Discussion in 'Star Trek - The Original & Animated Series' started by dodge, Aug 29, 2016.
And by both episodes recycling music cues from "The Doomsday Machine."
By Any Other Name recycles Kirk does it Again from The Doomsday Machine which I think is an excellent piece of music!
Yes! Good catch! Something was going on there; Shatner is clearly cracking up over the situation too. It's a cute moment in an episode that is not among my S2 faves. Verrrrrrrrrry slow and with some uncharacteristically clunky dialogue.
I missed that scene. Kyle in a red shirt (which he wore for virtually most of his appearances in the series) and yet he's in a gold tunic later on too! Maybe Kirk promoted him during the episode as an acting ensign and later on he was back in his red shirt for his only appearance in the third season, The Lights of Zetar!
"A Private Little War", Episode 48, February 2nd
Tonight's Episode: War is brewing on The Planet of Bad Wigs!
Somebody dodged doing a review for our previous episode....
"A Private Little War"
Originally aired February 2, 1968
What was going on the week the episode aired.
It must have been a theme night on NBC...prior to this episode, they aired "A Gun for Jai," which involved a shady character giving rifles to Tarzan's boy partner and a native tribe, much to the Lord of the Jungle's disapproval.
Experiencing this in immersive 50th anniversary context helps me to appreciate just how much this episode was in tune with the zeitgeist, coming as it did at the beginning of the Tet Offensive, which is believed to be the turning point in mainstream America's view of the war.
The Vietnam allegory mingles with biblical allegory, complete with Nona as Eve and a phaser as the forbidden fruit; she also ends up becoming something of a martyr for her cause. And talk about slipping stuff past the censors...Nona casting her healing spell on Kirk is practically the diner scene in When Harry Met Sally.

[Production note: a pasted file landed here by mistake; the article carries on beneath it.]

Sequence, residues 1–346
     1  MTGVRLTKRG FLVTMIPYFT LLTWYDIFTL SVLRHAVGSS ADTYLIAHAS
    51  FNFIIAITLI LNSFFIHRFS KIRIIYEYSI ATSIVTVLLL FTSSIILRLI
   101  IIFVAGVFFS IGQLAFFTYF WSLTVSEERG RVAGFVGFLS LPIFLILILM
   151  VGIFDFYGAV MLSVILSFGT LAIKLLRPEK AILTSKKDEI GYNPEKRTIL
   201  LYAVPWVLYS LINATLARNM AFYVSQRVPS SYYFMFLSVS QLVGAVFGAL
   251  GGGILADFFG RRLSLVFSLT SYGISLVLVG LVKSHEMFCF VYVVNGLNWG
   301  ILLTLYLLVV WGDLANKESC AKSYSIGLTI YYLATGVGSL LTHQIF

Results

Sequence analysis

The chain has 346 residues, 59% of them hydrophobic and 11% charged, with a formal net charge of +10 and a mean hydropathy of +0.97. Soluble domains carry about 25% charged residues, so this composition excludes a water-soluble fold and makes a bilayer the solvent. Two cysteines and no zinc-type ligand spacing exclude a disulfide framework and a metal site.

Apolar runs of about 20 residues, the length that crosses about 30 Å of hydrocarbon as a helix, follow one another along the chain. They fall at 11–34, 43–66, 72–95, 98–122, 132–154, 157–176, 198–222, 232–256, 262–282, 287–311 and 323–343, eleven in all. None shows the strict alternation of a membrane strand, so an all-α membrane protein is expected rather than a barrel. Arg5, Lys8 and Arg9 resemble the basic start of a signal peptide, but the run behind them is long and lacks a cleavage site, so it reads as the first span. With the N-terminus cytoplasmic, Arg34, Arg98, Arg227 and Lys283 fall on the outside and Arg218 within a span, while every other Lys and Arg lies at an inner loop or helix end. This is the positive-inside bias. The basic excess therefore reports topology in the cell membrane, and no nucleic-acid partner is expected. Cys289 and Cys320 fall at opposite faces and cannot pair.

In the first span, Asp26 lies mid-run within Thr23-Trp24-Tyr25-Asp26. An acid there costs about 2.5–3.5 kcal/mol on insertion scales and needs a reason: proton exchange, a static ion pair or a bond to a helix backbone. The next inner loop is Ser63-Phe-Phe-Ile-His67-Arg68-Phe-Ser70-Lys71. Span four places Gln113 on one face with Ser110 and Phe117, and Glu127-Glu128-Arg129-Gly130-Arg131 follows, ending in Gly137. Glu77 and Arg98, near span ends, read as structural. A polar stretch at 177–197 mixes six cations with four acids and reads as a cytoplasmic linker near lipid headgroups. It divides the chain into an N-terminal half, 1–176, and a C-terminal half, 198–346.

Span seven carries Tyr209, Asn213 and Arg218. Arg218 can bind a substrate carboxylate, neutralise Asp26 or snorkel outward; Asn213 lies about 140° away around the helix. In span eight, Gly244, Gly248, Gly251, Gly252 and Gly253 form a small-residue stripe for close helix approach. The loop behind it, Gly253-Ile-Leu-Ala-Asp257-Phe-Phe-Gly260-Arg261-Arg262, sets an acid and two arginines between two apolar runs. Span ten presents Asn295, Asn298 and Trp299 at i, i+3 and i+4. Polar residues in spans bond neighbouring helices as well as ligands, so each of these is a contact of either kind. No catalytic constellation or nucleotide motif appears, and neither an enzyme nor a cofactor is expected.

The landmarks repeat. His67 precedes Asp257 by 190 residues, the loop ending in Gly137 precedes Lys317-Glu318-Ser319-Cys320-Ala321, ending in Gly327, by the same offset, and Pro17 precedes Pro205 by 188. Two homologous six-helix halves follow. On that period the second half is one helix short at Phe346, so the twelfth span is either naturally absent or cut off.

The people of Neural may not be far removed from tribal Earth cultures, but it's a nice change of pace at this point to see an alien world that's trying to be an alien world, and not a planet of hats.
With Spock laid up, McCoy becomes Jim's action buddy. For a doctor, not a _______, he sure knows a lot about ancient firearms all of the sudden. Meanwhile, Spock essentially serves as comic relief in spite of his condition, between the stuff with Chapel and M'benga and the moment of levity that he brings to an otherwise grim climax.
There's some irony in the side that's being armed by the Klingons knowing less about phasers than their rivals...the villagers are completely ignorant of what Nona is offering them. And it's odd that an episode that's all about giving people firearms concludes with everyone throwing down their rifles and engaging in a brawl.
Excellent episode. Good commentary on the Vietnam War. Interesting to see the Kirk and McCoy relationship without Spock in there. I like there argument about the "20th century brush wars". McCoy saying that it "went on year after bloody year"always gets to me. Why was Chapel so snarky after Spock said he was fine. Interesting funny scene. I like Tyree and Nona as well. Good conflict.
It may just be stuck in the mail.
Or the dog mugato ate it.
So, did you guys hear about this Vietnam thing? I think this episode is based on that...
I've always thought that the problem with A Private Little War is that if you take away the "this is Vietnam" angle, I don't think the episode really sells that arming the other side is a viable option, let alone the only option available. I mean what happens next? The Enterprise moves on and the Klingons give their side slightly better guns? If they really wanted to drive the point home, the Enterprise and the Klingons would have to be stuck there orbiting the planet for the next decade or so, slowly dispensing upgrades...